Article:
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This blog is about mostly anything in IT. But the primary focuses are Microsoft Technologies like Exchange, Office 365, Azure and Cloud Security.
On September 15, 2014
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Exchange and other MTAs use DSNs (Delivery Status Notifications) and NDRs (Non Delivery Reports) to notify the sender or sending MTAs (Message Transfer Agents aka Mail Servers) about the varioius statuses of a given email message. In Exchange those messages are generated primarily by the categorizer component of the transport service.

You can use the New-SystemMessage cmdlet to create new messages. These messages can even be localized and can contain Html tags for properly styled notifications.

From a system perspective the various notifications used are named and fulfill a specific purpose.

Report and receipt types (Exchange Version independent) used for notification

  • Delivery Receipt (DR)

    Report confirming that a message was delivered to its intended recipient

  • Delivery Status Notification (DSN)
    Report describing the result of an attempt to deliver a message

  • Message disposition Notification (MDN)
    Report describing the status of a message after it has been successfully delivered to a recipient. Examples: read notification (RN) or non-read notification (NRN)
    Defined by RFC 2298 and controlled by Disposition-Notification-To header

  • Non-Delivery Report (NDR)
    Report indicating to the message sender that the message could not be delivered to the intended recipients

  • Non-Read Notification (NRN)
    Report indicating that a message was deleted before is was read, when a read receipt was requested

  • Out Of Office/Facility (OOF)
    Report indicating that the recipient will not respond to a new message
    OF referes to the Microsoft original term „out of facility

  • Read Notification (RN)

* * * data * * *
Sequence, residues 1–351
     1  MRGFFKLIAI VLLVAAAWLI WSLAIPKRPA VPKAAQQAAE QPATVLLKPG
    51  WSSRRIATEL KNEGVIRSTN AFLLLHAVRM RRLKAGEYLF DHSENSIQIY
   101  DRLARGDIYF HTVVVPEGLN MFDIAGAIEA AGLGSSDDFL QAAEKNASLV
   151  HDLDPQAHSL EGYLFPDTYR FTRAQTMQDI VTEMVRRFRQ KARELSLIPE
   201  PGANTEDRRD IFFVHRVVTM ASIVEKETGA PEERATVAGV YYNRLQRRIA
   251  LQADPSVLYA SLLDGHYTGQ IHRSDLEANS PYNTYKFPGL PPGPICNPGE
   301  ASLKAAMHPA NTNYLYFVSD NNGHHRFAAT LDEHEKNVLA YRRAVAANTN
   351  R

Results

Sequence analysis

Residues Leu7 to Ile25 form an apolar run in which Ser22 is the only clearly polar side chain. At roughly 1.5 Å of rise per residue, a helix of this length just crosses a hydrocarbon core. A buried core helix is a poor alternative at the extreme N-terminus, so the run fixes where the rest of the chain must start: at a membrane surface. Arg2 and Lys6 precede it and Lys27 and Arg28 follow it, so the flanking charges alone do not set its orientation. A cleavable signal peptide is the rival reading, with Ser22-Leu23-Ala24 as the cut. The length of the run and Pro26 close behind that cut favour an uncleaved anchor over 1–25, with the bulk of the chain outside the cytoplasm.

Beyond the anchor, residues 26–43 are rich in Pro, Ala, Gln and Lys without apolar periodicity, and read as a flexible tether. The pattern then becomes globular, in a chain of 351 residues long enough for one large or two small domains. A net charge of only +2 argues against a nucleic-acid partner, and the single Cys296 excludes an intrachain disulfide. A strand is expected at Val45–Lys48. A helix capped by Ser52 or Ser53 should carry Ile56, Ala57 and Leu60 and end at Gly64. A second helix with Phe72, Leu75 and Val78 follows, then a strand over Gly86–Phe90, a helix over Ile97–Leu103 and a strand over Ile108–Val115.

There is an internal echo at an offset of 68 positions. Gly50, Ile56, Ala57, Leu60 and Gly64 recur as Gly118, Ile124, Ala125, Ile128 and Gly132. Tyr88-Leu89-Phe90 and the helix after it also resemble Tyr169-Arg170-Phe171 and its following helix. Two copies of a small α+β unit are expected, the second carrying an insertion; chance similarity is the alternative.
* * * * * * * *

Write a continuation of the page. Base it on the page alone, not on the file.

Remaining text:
Report indicating that a message was read

  • Recall Report (RR)
    Report indicating the status of a recall request for a specific recispient
    A recall request is used when a sender tries to recall a sent message by using Outlook



This post has first been published in my personal legacy blog here.

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Add remote IP address ranges to an Exchange Server 2013/2016 receive connctor.

Create a new text file containing the new remote IP address ranges


The script creates a new sub folder named ReceiveConnectorIpAddresses and saves the currently configured remote IP address ranges first.

While adding the new remote IP address ranges, the script checks, if the new ranges already exist.


# Add IP addresses from ip.txt to MYCONNECTOR

.\Add-ReceiveConnectorIpAddress.ps1 -ConnectorName MYCONNECTOR -FileName D:\Scripts\ip.txt

.\Add-ReceiveConnectorIpAddress.ps1 -ConnectorName REMOTECONNECTOR -FileName .\ip-new.txt -ViewEntireForest $true

Version History

  • 1.0, Initial community release
  • 1.4, Support Mailbox role added (Issue #4)



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When testing the Outlook Anyhwere configuration using the Exchange Remote Connectivity Analyzers (ExRCA) you might encounter the following error message:

Autodiscover settings for Outlook Anywhere are being validated.
ExRCA wasn't able to validate Outlook Anywhere Autodiscover settings.
The AuthPackage wasn't specified in the EXPR section of the Autodiscover response.

ExRCA OutlookAnywhere error

If you encounter this error, you need to verify the following two attriobutes of the Outlook Provider configuration:

  • Server attribute
  • CertPrincipalName attribute

Server Attribute

Remove any dedicated server configuration.

Get-OutlookProvider EXPR | Set-OutlookProvider -Server $null

Now the appropriate CAS FQDN will be used.

CertPrincipalName Attribute

The CertPrincipalName attribute must match the common name (CN) of the SSL certificate. If a wildcard certificate is being used, it is required to configure the CertPrincipalName for the certificate

Set-OutlookProvider EXPR | Set-OutlookProvider -CertPrincipalName msstd:*




This post had originally been posted at SF-Tools in German language.

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